Depending on the setting, it could either be effortless or a tall task to spot Father Aldrin Suan CM.

At a jam-packed UAAP game venue the size of arenas or coliseums that is filled with young students from member universities, he and his youthful, light, and father-like aura blends with the crowd with ease.

Especially in the busy Season 85 where Adamson University is the host, Fr. Aldrin, as he is fondly called in the San Marcelino community, is almost always present at the events, quietly yet efficiently overseeing the goings-on of the league and securing the safety of all participants.

Upon making sure everything is flowing smoothly, he becomes just like every avid sports fan in the building, sat on the bleachers enjoying the action.

One could even easily mistake him for an athlete’s parent with him beaming with pride on the sidelines of an Adamson game in the women’s volleyball division one Saturday afternoon when the team ended a long nine-year Final Four drought.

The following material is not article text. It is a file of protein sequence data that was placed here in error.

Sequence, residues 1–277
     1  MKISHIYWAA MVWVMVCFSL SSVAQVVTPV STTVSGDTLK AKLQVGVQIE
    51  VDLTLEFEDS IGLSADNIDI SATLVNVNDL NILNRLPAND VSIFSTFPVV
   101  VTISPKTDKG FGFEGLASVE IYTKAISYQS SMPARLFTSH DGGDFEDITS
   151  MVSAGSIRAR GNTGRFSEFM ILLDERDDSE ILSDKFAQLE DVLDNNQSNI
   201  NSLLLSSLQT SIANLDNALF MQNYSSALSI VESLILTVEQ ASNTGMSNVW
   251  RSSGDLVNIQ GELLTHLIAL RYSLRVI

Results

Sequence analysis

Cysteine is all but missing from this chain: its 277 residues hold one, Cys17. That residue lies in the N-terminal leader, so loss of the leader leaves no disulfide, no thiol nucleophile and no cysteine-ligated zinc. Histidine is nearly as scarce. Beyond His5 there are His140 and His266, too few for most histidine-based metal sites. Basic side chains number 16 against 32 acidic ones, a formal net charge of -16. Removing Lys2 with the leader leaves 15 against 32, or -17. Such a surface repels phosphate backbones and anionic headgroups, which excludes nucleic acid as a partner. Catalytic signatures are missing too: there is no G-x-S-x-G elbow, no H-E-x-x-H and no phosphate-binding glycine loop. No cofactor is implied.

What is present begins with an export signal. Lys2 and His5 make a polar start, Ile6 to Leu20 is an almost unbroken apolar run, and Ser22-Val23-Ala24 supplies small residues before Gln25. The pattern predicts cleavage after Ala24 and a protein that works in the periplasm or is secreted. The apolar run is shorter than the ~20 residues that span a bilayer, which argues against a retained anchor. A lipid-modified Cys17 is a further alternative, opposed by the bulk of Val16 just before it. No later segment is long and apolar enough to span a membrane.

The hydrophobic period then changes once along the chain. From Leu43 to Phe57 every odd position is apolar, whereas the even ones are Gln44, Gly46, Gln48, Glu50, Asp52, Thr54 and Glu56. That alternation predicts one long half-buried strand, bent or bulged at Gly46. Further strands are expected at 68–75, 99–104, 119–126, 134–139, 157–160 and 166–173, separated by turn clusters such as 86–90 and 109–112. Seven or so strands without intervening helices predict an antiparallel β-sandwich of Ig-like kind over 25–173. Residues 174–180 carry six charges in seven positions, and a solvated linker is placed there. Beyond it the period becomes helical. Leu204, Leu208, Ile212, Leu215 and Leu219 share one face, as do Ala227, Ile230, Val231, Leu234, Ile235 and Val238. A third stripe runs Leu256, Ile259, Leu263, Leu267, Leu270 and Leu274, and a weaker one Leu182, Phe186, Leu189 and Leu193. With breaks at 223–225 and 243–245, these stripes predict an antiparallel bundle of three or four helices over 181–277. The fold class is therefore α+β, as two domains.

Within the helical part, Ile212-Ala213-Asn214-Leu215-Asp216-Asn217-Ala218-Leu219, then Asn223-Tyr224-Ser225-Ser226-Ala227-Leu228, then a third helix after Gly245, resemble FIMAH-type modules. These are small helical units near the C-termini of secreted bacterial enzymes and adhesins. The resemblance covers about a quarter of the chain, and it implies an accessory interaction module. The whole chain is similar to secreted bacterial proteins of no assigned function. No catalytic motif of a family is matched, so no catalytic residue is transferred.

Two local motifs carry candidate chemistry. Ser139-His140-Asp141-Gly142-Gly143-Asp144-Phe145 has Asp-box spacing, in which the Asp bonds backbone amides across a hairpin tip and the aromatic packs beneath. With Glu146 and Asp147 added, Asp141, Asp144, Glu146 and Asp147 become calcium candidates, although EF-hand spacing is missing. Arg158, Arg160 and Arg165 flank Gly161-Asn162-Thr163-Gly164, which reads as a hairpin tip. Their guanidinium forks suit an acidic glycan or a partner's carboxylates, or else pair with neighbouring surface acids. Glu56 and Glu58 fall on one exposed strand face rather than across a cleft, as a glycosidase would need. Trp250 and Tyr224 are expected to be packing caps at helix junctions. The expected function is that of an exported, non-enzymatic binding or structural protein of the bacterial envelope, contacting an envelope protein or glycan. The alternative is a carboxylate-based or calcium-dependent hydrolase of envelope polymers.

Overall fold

That is until you see big sports names from the past and the present approaching him no matter how far their seats are apart just so they can pay their respects.

“Ako’y naging Athletics Director (ng Adamson) noong 2014. Pa-ten years na,” shared Fr. Aldrin, seemingly surprised how the past decade has flown by.

He is everything, everywhere all at once for the welfare of Adamson student-athletes but he’s the first to admit that his schedule makes it impossible to attend every single event.

The fact that he’s trying, however, is not lost on the players he and Adamson continue to raise in the hopes that they one day spread the Vincentian spirit not only in sports but in the world, in general.

“Ako talaga dapat ang unang susuporta sa mga bata,” he said matter-of-factly. “Kung may primary commitment ‘yung position ko aside from fulfilling their needs, supervising preparations inside the school, I think it’s my job din and responsibility is just to be with the players sa mga laban nila. Not only sa sports kundi pati sa other activities nila.”

“Whether breakthrough or breakdown, dapat kasama nila ako,” Fr. Aldrin added.

Inspirational lines like this come as a common occurrence in his presence.

To casual fans, they might be seated next to him and not know who he is and what role he plays in Adamson’s newfound power in the UAAP.

But to those who know, he is like a glue—settling invisibly in the middle of seams—that holds the Falcons, the Adamson community, and the sponsors together in harmony, making them a new force to be reckoned with in the league.